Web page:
How does it all work?
Before we climbed behind the wheel of the 2011 Chevrolet Silverado HD and the 2011 GMC Sierra HD, we knew these trucks were capable of towing huge trailers and hauling impressive loads, but that didn't mean they would be inspiring or civilized. After only a few minutes behind the wheel of a 1-ton dually with 2000 lbs in the bed and another 10,500 lbs in tow, we were incredibly comfortable. That level of comfort only grew as we switched among a half dozen different truck, trailer, and payload configurations available to sample.
We particularly enjoyed pulling an identical pair of camper trailers behind a 2011 Ford F-250 and 2011 Chevrolet Silverado 2500 on a back-to-back basis. The biggest differences between the trucks were steering feel and how well the exhaust brake worked. In both respects, the Chevy felt better and more predictable. We could never tell when the Ford's exhaust brake would kick in, or how much it would slow down the rig. There was also a more disconnected feeling between the Super Duty's steering wheel and the pavement than in the Chevy. Both trucks pulled the campers with ease and were fully capable of stopping them, but the Ford took more effort and attention.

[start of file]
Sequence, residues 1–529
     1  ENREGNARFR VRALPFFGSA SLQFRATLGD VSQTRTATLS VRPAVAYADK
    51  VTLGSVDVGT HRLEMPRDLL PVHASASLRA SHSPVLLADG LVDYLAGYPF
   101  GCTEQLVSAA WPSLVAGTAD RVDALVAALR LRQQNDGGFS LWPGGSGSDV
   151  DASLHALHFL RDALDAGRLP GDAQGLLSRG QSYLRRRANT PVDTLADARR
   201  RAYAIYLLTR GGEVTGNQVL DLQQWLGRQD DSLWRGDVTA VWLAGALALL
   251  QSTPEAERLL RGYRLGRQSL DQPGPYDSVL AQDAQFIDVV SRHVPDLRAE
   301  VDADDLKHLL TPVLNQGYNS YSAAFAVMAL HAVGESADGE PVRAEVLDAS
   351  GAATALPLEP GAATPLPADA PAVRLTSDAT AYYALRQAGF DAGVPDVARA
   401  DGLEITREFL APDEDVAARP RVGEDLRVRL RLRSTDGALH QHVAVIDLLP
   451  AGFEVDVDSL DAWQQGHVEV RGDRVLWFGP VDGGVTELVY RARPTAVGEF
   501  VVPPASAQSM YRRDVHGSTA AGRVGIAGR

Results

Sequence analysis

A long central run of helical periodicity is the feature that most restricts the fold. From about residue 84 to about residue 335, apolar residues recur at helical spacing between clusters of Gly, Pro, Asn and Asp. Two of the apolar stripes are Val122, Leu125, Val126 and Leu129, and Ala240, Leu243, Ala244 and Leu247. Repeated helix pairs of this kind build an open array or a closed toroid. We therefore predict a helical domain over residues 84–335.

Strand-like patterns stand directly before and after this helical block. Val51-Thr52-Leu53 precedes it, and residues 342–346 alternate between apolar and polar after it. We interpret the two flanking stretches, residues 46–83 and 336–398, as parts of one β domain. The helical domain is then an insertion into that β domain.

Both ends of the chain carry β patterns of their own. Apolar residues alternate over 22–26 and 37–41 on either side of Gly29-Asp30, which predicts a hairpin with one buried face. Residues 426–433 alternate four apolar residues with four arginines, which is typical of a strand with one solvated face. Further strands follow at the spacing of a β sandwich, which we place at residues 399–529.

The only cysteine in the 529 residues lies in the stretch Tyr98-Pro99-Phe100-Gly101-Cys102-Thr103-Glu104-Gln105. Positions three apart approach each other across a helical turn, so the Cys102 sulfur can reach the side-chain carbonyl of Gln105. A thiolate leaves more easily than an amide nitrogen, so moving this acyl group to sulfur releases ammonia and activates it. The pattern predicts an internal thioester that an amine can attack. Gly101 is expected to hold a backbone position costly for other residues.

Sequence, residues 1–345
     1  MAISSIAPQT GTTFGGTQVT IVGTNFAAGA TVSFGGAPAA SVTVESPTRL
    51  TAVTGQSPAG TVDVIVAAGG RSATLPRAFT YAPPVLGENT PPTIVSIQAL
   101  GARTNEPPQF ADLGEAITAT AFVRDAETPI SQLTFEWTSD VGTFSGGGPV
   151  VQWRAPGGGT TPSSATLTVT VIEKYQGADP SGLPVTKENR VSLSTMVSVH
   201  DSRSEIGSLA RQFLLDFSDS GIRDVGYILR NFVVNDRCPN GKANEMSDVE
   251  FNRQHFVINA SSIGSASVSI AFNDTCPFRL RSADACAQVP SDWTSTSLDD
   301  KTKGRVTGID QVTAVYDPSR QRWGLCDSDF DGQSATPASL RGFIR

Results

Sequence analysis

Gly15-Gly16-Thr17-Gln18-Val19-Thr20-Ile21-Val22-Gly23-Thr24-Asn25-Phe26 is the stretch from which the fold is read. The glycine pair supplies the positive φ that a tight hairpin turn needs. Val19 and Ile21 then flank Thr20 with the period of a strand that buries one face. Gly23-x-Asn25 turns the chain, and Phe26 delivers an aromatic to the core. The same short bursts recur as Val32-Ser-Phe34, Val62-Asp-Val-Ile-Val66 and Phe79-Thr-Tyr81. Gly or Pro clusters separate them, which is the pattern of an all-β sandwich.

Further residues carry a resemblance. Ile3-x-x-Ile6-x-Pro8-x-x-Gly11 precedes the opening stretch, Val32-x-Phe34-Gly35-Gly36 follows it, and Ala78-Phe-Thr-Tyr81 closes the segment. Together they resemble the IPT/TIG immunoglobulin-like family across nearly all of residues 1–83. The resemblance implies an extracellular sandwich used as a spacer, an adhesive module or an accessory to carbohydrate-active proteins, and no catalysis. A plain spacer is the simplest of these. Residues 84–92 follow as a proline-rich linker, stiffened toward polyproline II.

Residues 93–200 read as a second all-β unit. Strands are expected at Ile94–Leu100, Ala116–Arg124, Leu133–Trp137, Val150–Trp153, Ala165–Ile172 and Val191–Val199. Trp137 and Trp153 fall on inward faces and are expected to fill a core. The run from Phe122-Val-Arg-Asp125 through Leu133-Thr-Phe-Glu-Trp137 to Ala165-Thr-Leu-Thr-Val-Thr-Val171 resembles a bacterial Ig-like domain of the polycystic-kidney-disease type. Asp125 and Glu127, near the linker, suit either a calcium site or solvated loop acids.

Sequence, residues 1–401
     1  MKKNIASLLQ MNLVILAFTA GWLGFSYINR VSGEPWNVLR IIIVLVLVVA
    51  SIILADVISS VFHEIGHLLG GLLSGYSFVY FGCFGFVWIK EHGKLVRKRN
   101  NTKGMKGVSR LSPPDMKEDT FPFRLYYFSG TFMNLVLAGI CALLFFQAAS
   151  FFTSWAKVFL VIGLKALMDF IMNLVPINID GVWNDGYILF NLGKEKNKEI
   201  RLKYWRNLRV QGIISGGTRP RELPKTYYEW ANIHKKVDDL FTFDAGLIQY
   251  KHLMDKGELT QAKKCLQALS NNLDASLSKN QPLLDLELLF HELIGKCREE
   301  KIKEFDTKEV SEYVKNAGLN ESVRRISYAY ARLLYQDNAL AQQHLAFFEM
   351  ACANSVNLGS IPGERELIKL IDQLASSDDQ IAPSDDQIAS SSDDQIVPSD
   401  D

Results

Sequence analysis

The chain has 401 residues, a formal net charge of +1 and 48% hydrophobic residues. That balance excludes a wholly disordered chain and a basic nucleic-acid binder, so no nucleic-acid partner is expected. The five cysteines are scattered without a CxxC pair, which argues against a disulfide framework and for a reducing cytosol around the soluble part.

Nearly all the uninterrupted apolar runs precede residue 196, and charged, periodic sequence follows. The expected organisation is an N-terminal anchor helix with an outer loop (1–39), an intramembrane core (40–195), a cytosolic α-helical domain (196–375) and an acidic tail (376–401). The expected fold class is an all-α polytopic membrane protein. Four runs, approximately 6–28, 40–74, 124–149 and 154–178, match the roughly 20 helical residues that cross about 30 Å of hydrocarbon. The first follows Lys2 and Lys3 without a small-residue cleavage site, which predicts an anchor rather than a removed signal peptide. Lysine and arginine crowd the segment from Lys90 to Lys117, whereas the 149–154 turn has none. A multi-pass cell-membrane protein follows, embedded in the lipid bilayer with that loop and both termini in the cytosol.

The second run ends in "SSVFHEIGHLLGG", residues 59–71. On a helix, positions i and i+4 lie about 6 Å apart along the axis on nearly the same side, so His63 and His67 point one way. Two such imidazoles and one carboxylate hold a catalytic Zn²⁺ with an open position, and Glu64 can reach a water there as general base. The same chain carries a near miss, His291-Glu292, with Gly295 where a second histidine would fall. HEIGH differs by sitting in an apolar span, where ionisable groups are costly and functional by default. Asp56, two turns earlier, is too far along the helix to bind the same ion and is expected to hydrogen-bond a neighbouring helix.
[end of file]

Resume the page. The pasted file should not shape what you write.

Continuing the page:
Do I want one?
Right now Silverado and Sierra are the best choices for extreme towing and hauling in the heavy duty segment. If you are happy with GM's interior, you'll love the rest of the truck. That said, Ford isn't very far behind in terms of capabilities, and even Ram's (on-paper) disadvantages are minor in the real world if your towing needs are within its capabilities. The entire heavy duty segment is extremely capable and continues to evolve at an incredible pace. It's a tough decision between the three manufacturers because the trucks are so similar in real world feel. Isn't competition great?